When you repair a truck for a customer, you’re not just providing parts and service. You’re also providing peace of mind. You’re providing the customer assurance they can get back to work — that the problems of that service call are behind them.
So when it turns out they’re not, and the truck breaks down again, you can’t be surprised to get an angry phone call.
Your customers rely on their vehicles for their livelihood, and on you to keep those vehicles running. Waiting for a truck to be repaired once can be bad enough; a second service call to correct a previous failure or mistake is a luxury most customers cannot afford.
(Fleets say it’s also a major factor in how they choose their service providers. For more, CLICK HERE.)
But no one has a perfect record when it comes to service, and even when a dealer does everything right parts can fail and trucks can break down. It happens.
The best way to get through these stressful situations is to be honest, understanding and proactive in making things right. Just because a customer enters your facility under duress doesn’t mean they have to leave that way.
Mistakes happen; but there’s no reason to complicate them with poor customer service.
“Sometimes front-line people that are forced to handle angry customers can take their anger and discomfort personally, but the big key is to not take it personally,” says Mark Martincic with KEA Advisors.
As the first employees to encounter a disgruntled customer during a service return, your managers and counter associates are crucial to making sure a warranty work return goes smoothly, he says.
This is the point where a customer’s emotions and stress level are running the highest, adds Kent Ely with KEA Advisors. Anger and yelling aren’t uncommon, and it is the responsibility of your employees to be empathetic to customer concerns and to pinpoint exactly what went wrong.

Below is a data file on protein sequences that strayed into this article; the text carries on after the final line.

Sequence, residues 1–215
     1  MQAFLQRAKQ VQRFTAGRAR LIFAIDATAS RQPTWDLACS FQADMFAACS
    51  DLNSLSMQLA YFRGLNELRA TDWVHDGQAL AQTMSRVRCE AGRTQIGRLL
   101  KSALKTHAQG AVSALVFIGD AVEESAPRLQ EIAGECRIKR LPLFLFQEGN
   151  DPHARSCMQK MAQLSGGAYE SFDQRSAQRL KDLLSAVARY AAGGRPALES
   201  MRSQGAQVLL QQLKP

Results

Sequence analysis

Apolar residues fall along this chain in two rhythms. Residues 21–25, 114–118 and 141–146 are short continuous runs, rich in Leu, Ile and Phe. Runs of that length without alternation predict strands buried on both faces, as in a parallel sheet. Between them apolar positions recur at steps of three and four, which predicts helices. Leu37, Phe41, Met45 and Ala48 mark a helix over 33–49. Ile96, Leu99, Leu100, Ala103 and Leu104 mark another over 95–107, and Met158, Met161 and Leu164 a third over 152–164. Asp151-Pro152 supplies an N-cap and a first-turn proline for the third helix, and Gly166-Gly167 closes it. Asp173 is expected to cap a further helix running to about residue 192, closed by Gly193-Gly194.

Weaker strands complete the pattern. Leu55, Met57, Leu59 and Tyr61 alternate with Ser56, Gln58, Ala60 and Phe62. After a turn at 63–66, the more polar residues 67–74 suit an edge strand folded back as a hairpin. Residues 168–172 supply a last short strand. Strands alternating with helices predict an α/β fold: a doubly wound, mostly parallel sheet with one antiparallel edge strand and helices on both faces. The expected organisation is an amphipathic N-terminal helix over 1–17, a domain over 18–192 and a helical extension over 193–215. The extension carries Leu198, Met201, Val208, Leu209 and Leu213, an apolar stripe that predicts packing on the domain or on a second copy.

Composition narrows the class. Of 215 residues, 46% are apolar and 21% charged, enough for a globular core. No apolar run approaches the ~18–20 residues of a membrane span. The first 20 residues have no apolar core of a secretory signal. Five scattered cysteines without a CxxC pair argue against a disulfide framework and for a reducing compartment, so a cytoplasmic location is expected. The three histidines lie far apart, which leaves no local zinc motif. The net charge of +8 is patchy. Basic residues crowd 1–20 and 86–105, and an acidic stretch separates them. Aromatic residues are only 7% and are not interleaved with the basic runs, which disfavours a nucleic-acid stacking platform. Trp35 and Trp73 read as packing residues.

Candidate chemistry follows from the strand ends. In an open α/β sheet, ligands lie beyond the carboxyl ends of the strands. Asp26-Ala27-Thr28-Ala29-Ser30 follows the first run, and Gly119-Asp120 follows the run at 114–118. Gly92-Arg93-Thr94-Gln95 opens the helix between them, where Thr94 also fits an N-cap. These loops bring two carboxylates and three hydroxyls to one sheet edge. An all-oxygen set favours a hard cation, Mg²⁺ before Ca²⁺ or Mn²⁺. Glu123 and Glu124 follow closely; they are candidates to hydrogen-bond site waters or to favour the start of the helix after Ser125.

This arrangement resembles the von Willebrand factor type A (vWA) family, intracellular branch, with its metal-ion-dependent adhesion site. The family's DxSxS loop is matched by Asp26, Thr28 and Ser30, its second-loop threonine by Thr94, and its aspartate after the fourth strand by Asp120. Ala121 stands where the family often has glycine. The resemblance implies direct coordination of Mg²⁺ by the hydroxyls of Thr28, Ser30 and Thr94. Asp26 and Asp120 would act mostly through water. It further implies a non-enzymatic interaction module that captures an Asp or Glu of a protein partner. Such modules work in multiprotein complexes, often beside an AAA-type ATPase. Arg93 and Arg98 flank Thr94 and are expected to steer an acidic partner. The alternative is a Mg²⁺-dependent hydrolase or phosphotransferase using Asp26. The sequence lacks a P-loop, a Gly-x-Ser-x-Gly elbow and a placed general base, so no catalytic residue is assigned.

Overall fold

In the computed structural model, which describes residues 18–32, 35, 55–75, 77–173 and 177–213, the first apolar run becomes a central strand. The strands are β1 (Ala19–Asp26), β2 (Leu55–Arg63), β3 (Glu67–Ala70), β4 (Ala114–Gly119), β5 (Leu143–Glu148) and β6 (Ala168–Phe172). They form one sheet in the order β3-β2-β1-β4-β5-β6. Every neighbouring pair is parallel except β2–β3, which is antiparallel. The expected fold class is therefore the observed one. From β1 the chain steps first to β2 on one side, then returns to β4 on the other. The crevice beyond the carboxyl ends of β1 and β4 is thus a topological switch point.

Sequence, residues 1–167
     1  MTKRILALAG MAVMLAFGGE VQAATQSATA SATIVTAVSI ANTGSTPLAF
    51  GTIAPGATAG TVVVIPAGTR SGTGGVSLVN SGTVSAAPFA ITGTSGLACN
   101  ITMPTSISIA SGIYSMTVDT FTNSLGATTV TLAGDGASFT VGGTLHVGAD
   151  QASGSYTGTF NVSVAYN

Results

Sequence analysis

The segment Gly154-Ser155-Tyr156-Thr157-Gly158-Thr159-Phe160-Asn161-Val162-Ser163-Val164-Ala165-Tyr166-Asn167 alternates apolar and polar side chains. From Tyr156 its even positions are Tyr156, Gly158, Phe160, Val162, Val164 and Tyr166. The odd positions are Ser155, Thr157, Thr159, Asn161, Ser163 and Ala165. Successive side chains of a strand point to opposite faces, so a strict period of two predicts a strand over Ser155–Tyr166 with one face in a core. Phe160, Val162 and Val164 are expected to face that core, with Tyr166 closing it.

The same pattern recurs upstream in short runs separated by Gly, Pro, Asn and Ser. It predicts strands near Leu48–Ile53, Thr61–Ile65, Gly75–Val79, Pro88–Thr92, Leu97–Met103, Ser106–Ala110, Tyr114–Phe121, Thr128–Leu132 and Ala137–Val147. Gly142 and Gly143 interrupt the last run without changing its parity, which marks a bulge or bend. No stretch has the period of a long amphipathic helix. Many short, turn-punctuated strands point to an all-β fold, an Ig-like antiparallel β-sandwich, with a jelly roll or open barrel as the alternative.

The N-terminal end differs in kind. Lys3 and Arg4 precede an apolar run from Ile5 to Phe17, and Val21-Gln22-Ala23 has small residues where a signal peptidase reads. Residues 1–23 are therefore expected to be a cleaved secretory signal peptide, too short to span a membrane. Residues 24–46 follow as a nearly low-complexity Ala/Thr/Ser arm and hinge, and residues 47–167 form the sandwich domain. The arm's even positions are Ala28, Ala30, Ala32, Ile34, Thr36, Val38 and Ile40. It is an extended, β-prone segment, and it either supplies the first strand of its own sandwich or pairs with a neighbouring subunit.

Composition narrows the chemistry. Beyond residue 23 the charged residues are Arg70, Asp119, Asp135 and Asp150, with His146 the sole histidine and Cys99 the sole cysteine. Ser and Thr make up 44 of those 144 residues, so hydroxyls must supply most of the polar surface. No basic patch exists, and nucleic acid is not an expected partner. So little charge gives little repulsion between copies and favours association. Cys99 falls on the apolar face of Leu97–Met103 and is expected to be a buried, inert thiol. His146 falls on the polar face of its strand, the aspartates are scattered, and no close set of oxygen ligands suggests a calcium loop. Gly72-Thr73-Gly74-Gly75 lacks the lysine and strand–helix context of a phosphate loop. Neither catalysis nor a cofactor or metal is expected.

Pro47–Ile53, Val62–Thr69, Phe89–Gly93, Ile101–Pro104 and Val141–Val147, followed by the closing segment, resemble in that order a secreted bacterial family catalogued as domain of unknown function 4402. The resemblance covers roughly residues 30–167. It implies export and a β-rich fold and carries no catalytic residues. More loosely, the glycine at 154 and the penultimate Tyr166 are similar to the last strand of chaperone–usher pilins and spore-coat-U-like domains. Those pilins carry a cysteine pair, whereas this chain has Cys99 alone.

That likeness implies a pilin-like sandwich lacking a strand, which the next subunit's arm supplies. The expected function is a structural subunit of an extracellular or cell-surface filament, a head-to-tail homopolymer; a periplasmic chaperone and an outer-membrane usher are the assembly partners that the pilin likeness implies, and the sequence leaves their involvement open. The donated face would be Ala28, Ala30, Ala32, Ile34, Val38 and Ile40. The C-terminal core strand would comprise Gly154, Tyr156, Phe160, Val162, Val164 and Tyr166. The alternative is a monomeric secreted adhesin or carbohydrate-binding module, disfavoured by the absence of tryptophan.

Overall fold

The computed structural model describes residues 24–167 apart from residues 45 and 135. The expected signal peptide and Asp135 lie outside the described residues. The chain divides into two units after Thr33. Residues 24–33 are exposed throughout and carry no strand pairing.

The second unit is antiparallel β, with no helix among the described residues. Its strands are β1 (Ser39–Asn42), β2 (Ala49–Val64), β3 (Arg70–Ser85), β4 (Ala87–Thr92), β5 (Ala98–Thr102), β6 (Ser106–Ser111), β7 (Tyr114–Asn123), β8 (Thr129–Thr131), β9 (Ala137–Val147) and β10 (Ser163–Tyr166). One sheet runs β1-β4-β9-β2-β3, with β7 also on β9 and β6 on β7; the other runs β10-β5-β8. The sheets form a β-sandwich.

“If you are a quality dealership, you’re going to take care of the vehicle and make it right. You’re going to fix what went wrong, so there’s no reason to fight about that,” says Martincic. “Your job is to analyze why they are angry, diffuse their anger and see what you can do to fix [the truck].
“Your job is to listen to them and come up with a solution.”
Once you’ve calmed down the customer and uncovered why they’ve returned, you can begin the process of making things right.
Martincic and Ely first recommend pulling the customer’s records for their previous trip to your facility. Your documentation should show exactly what you just repaired or replaced, and — along with your customer’s information — should give you a good idea of possible trouble spots when you get the truck into your diagnostic bay. He adds to do that as fast as you can.
“[The truck] needs to be treated as a priority, and you should tell the customer that it’s a priority,” he says.
Once you have a diagnosis, don’t sugarcoat what you find. Be up front and tell the customer everything you can as soon as you can.
“You have to be honest [with the customer]. They won’t like how long the truck [is] going to be down no matter how long it is, but they have to know,” Martincic says. “They have to know the truth so they can make other plans.”
Not all returns will fall on your service department. Some returns will be the result new parts malfunctioning or improperly installed components, but others may be unrelated breakdowns. Driver mistakes, overloaded trailers and previously undiagnosed issues also can lead to returns.
“In defense of the service guys, I think the diagnostic processes can have something to do with returns,” Martincic says.
Technicians are trained to diagnose, repair and turn over bays as quickly as possible, says Greg Reimmuth, vice president of sales and marketing at Noregon Systems. Because of this, some can get caught up repairing exactly what a diagnostic test says and don’t take the time to investigate what is causing the breakdown.
(This also can lead to technicians losing their mechanical edge, which is a growing risk in the aftermarket. For more on that, CLICK HERE.)
“Finding root cause will make sure your technician fixes exactly what’s wrong,” he says.
“It’s not always the technicians fault,” adds Martincic. “The customer just wants the truck up and running again so the technician does what’s necessary to do that.”
When customers push your service department like that, make sure they know the risks.
“Tell a customer up front if more problems may arise,” Martincic says. “They need to know something may happen and it may fail again.”
That honesty will be valued. Customers appreciate knowing you’re looking out for them, and any chance to show that can help increase customer loyalty.
“When it comes down to it, the best process is to just give your best to every customer,” Martincic says. “Show them that you care every time.”
Note: The ATA’s Technology and Maintenance Council (TMC) is currently working to complete a recommended practice titled “Conflict Resolution,” dealing with this issue. To assist in the RP writing process, or for more information about the RP, contact TMC here or attend the council’s fall meeting in Pittsburgh.